How to Calculate and Understand Pivot Points

Pivot points are one of the oldest technical analysis tools in existence, and remain one of the most popular methods for determining key levels such as support and resistance, as well as the future price direction.

Before the advent of screen trading, floor traders at stock exchanges didn’t have the vast range of charts and technical indicators that they can now access, and had to make do with a few calculations based on the previous day’s price action.

At the start of every trading day, floor traders would calculate a pivot point for the current trading day based on the previous day’s high, low, and closing price. They would then use this pivot point to calculate two support levels and two resistance levels to assist their trading throughout the day.

Although pivot points have since been joined by a huge range of other technical indicators, they remain one of the most reliable methods for predicting major turning points in the market. Here, we’re going to show you how to calculate your own pivot points, and how to interpret your findings.

Examples Across Different Time Frames

For very short time frames, eg 1, 5, 10, and 15 minutes, you would use pivot points based on the previous day’s high, low and close. Once they have been set, they do not change for the remainder of the day.

For time frames of thirty and sixty minutes, you would use the high, low, and close from the previous week. These are set at the start of the week and remain unchanged until new pivot points are calculated at the end of that week.

For daily charts, the pivot points are calculated using the data from the previous month. These are calculated on the first of the month and remain fixed for the whole month. For example, pivot points calculated on 1st March would be based on the high, low, and close for February, and would remain in place until the 1st of April.

Weekly and monthly charts use pivot points based on the data for the previous year, in much the same fashion as the examples given above.

Different Types of Pivot Points

There are several different ways to calculate pivot points, but we have outlined the three most popular types – Standard, Fibonacci, and Denmark – here, with instructions on how to calculate them. There is no single ‘best’ type of pivot point, as they all have their uses. It all depends on your trading style and strategy, and also the asset classes that you are trading. That’s why it’s worth trying them all out, and comparing the results, to see which ones give you the best results in certain situations.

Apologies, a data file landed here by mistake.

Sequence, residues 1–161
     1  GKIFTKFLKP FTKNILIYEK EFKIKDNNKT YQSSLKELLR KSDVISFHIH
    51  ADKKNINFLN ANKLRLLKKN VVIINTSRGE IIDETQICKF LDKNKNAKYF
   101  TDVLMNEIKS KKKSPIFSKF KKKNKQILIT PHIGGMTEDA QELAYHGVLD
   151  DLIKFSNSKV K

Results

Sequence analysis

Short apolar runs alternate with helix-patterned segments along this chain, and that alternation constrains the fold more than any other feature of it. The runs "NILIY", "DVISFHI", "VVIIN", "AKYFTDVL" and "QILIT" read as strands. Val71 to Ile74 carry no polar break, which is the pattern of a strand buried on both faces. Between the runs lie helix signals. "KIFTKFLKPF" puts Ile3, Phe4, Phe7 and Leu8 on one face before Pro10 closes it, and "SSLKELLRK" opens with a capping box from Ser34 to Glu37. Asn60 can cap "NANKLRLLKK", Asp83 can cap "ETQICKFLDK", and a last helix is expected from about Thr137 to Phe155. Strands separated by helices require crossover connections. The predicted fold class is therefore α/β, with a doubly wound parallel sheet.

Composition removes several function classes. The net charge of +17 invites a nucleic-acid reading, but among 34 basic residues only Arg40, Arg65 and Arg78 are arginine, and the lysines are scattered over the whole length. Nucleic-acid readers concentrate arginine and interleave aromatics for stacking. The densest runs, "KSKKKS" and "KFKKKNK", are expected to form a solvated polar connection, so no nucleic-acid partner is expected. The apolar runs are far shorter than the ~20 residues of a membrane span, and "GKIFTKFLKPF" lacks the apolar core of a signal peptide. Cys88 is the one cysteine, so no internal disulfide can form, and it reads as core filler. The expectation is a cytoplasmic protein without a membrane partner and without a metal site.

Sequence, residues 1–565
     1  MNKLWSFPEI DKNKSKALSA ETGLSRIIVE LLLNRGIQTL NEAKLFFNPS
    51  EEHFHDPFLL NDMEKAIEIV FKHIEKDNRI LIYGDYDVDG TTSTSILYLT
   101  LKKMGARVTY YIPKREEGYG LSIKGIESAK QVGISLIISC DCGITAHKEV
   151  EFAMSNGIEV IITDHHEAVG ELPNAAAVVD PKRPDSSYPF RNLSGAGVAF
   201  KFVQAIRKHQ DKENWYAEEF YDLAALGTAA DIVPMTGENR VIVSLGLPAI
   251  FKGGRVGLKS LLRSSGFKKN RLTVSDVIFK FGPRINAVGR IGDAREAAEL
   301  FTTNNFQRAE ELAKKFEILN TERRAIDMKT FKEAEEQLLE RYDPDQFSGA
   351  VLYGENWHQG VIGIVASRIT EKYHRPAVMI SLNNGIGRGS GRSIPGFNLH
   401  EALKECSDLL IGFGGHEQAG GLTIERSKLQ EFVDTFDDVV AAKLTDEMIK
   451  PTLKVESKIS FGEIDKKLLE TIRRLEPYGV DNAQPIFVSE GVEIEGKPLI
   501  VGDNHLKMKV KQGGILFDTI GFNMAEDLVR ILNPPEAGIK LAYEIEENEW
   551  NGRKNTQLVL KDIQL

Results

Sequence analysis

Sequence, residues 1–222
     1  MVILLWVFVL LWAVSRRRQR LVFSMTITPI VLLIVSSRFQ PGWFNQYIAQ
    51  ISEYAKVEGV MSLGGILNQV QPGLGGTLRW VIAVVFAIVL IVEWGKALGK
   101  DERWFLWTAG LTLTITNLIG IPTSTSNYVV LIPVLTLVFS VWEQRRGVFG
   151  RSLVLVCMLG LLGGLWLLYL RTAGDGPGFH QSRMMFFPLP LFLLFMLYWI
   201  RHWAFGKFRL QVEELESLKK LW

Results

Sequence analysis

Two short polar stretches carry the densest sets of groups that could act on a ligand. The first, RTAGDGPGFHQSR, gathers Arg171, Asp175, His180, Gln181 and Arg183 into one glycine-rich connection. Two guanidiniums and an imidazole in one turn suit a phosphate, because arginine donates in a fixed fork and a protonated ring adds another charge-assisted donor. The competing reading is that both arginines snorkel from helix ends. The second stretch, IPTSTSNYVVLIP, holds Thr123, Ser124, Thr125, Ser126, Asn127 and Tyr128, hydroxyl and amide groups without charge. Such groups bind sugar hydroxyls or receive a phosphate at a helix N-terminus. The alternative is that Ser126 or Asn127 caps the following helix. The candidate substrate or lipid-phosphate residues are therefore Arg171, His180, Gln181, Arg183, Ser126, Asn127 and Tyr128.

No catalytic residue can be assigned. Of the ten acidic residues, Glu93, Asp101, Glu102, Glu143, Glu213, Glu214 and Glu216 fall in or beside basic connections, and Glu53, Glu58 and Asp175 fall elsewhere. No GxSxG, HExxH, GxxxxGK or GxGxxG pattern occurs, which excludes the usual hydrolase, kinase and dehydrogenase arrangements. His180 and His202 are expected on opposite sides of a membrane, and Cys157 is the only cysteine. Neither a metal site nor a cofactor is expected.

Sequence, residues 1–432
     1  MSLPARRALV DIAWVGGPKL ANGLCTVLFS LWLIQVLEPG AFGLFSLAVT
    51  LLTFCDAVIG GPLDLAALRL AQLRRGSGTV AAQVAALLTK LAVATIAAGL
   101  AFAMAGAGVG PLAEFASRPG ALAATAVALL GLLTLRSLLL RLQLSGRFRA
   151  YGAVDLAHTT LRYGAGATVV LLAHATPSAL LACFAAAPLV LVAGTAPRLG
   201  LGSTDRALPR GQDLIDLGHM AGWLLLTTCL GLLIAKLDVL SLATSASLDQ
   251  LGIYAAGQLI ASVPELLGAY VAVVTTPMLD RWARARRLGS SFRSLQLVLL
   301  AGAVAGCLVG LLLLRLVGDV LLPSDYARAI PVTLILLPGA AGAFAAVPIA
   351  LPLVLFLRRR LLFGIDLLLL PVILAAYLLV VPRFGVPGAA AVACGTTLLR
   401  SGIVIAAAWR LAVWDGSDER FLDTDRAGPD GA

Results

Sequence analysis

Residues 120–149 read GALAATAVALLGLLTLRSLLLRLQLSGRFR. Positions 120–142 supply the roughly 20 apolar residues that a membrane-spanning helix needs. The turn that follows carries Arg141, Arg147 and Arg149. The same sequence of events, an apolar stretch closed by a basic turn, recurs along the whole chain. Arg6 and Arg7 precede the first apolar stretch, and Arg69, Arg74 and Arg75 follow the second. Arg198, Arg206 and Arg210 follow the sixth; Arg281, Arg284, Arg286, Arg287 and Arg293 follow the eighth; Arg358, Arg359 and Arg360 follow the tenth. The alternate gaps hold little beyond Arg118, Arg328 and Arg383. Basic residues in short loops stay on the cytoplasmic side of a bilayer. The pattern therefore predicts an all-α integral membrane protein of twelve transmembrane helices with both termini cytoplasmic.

It’s important to note that these all provide different quantities of support and resistance lines, with Denmark pivot points generating just one set, standard pivot points generating two sets, and Fibonacci pivot points generating three. In the examples that follow, we shall be using standard pivot points to demonstrate the basic principles, but the process is similar for the other types. Most charting programs will allow you to overlay all three types for the purposes of comparison.

Calculating Standard Pivot Points

These are the most basic type of pivot points, and are also the most commonly used. Standard Pivot Points begin with a base pivot point, which is a simple average of the high, low, and closing price. This pivot point is shown as a solid line between the support and resistance levels derived from this pivot point.

Here are the calculations required for standard pivot points:

Pivot Point (P) = (High + Low + Close)/3

Support 1 (S1) = (P x 2) – High

Support 2 (S2) = P – (High – Low)

Resistance 1 (R1) = (P x 2) – Low

Resistance 2 (R2) = P + (High – Low)

Here is an example of a 15-minute chart with standard pivot points on it. At the beginning of the the trading day on June 9th, the pivot point is in the middle, the support level is below, and the resistance level is above. These will remain constant throughout the day.

Calculating Fibonacci Pivot Points